CREATE TABLE                                       BY ACCESS                                BY ACCESS
CREATE USER                                        BY ACCESS                                BY ACCESS
DATABASE LINK                                      BY ACCESS                                BY ACCESS
DIRECTORY                                          BY ACCESS                                BY ACCESS
DROP ANY PROCEDURE                                 BY ACCESS                                BY ACCESS
DROP ANY TABLE                                     BY ACCESS                                BY ACCESS
DROP PROFILE                                       BY ACCESS                                BY ACCESS
DROP USER                                          BY ACCESS                                BY ACCESS
EXEMPT ACCESS POLICY                               BY ACCESS                                BY ACCESS
GRANT ANY OBJECT PRIVILEGE                         BY ACCESS                                BY ACCESS
GRANT ANY PRIVILEGE                                BY ACCESS                                BY ACCESS
GRANT ANY ROLE                                     BY ACCESS                                BY ACCESS
PROFILE                                            BY ACCESS                                BY ACCESS
PUBLIC DATABASE LINK                               BY ACCESS                                BY ACCESS
PUBLIC SYNONYM                                     BY ACCESS                                BY ACCESS
ROLE                                               BY ACCESS                                BY ACCESS
SYSTEM AUDIT                                       BY ACCESS                                BY ACCESS
SYSTEM GRANT                                       BY ACCESS                                BY ACCESS
USER                                               BY ACCESS                                BY ACCESS
CREATE JOB                                         BY SESSION                               BY SESSION

And you’re probably writing it into a database table [AUDIT_TRAIL=’DB’]

so how does that work if you open a Dataguard database read only? You are writing into sys.aud$ on the Primary, and that table is replicated to the Standby. So what happens?

From Oracle 11G, if you are running Dataguard and opening the standby up for read access, you may not notice the line in the ALERT log which reads:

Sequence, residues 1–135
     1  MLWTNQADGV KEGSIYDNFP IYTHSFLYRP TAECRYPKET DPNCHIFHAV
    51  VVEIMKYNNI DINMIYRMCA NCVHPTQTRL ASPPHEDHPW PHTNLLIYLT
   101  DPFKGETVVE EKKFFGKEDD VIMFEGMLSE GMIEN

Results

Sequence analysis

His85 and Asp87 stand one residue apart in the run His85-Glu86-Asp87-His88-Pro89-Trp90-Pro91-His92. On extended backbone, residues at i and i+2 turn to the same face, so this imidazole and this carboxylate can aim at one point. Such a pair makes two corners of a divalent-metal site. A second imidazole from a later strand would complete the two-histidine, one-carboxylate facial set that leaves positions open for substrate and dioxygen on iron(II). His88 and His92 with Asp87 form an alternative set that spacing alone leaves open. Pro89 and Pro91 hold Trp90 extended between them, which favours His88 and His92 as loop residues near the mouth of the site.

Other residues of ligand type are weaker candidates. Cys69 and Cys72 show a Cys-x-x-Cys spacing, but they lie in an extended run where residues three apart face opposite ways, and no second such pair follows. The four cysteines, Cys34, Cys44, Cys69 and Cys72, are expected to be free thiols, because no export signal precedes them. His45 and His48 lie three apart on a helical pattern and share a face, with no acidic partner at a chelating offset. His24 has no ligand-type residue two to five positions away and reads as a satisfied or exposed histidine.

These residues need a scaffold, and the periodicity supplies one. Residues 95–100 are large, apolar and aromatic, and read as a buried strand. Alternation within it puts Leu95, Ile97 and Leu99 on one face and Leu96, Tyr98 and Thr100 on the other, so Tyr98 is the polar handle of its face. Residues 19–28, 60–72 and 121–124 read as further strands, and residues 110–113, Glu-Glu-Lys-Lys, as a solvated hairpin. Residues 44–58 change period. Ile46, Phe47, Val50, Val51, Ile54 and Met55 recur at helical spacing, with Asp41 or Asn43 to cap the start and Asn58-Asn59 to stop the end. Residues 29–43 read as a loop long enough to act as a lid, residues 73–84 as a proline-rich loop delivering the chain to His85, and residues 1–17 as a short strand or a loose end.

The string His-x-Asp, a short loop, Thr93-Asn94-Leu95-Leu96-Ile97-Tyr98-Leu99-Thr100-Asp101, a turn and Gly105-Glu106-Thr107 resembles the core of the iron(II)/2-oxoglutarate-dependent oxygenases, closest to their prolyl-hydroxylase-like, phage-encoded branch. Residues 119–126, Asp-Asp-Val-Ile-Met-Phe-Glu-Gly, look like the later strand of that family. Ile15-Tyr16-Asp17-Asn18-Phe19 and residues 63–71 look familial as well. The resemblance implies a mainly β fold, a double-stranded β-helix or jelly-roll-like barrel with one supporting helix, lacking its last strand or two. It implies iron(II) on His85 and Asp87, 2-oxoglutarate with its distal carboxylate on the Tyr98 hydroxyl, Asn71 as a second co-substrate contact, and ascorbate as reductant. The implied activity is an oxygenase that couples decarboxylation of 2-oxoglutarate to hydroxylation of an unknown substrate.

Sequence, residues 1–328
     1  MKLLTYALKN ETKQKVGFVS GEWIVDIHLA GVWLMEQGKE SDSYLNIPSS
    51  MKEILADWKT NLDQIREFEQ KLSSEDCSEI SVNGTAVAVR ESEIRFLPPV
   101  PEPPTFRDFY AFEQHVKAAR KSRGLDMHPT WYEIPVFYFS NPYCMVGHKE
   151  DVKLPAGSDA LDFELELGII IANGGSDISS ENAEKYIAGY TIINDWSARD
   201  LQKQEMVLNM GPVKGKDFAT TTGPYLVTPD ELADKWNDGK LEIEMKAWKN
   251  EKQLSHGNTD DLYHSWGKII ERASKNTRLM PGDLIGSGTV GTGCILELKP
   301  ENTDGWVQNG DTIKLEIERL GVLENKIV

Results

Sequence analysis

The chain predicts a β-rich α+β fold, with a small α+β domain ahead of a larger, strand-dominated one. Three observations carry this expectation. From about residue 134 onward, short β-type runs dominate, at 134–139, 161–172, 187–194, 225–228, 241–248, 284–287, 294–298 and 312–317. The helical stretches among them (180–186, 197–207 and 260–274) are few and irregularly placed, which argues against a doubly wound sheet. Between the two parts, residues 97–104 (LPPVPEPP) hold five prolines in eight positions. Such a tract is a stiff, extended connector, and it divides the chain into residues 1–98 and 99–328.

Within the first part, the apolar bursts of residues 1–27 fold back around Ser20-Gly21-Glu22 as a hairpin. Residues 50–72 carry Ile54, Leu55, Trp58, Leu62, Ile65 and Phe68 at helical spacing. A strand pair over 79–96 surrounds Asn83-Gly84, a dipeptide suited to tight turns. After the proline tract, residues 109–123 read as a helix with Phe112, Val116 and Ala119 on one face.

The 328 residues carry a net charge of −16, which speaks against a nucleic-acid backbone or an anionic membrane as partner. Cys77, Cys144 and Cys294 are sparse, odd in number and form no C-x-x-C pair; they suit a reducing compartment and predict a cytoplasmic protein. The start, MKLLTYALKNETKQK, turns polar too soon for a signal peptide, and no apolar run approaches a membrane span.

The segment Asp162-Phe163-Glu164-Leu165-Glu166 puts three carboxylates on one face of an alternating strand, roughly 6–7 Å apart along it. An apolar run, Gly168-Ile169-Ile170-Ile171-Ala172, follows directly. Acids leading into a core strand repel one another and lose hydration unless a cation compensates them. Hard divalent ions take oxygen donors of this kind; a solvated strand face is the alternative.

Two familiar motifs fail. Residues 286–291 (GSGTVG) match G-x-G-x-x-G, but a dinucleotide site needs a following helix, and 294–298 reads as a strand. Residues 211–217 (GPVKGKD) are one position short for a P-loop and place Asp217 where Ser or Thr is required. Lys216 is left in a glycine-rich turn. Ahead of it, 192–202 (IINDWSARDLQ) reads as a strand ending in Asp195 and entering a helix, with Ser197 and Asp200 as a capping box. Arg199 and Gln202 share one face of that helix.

AUDIT_TRAIL initialization parameter is changed to OS, as DB is NOT compatible for database opened with read-only access

So it starts writing down O/S audit trail files for all of your auditing options (well, the session connect and DML audit options – you can’t run DDL in a r/o DB). You might want to go and see just how many files it has written to [audit_file_dest], as you may be surprised at just how many are in there.

You may, one day, either run out of space or (more worryingly) have so many millions of files that it causes a performance problem when Oracle access the O/S directory. You might want to think about some sort of periodic clean-up job.

Dennis Ritchie RIP

There can be few scientists who have contributed so much to the world as Dennis Ritchie. Completely anonymous to the world at large, and to far too much of the computing fraternity too, his involvement in the development of C – the first portable programming language, and Unix cannot be understated. Who uses Unix? Well, everybody. What is the O/S on embedded devices? What did Steve Jobs base his Mac O/S and Mobile Operating systems on? Upon what did Bill Gates base the operating system for the new IBM PC in 1980? What do corporations across the world use to power their servers? What is it all built on? Unless you’re running some proprietary mainframe software, the building blocks of what you are using were set, to some degree, by Dennis Ritchie.

Whilst I never met him myself I did work with his sister, Lynn, for several years at a software house in the North East of England, where she still resides. She told me some of the stories about him; how the invention of C and Unix were really aims in making computing more portable, more standard, easier to use. How all that Ritchie, Ken Thompson, Brian Kernighan and the others got for this was their salary [although they did make a few quid on top out of their books 🙂 ], and the ability to distribute Unix free, with C, to all and sundry as Bell labs, a subsidiary of AT&T, had no financial interest in computing as they were a regulated telephone monopoly at the time.

Thanks Dennis.

%d bloggers like this: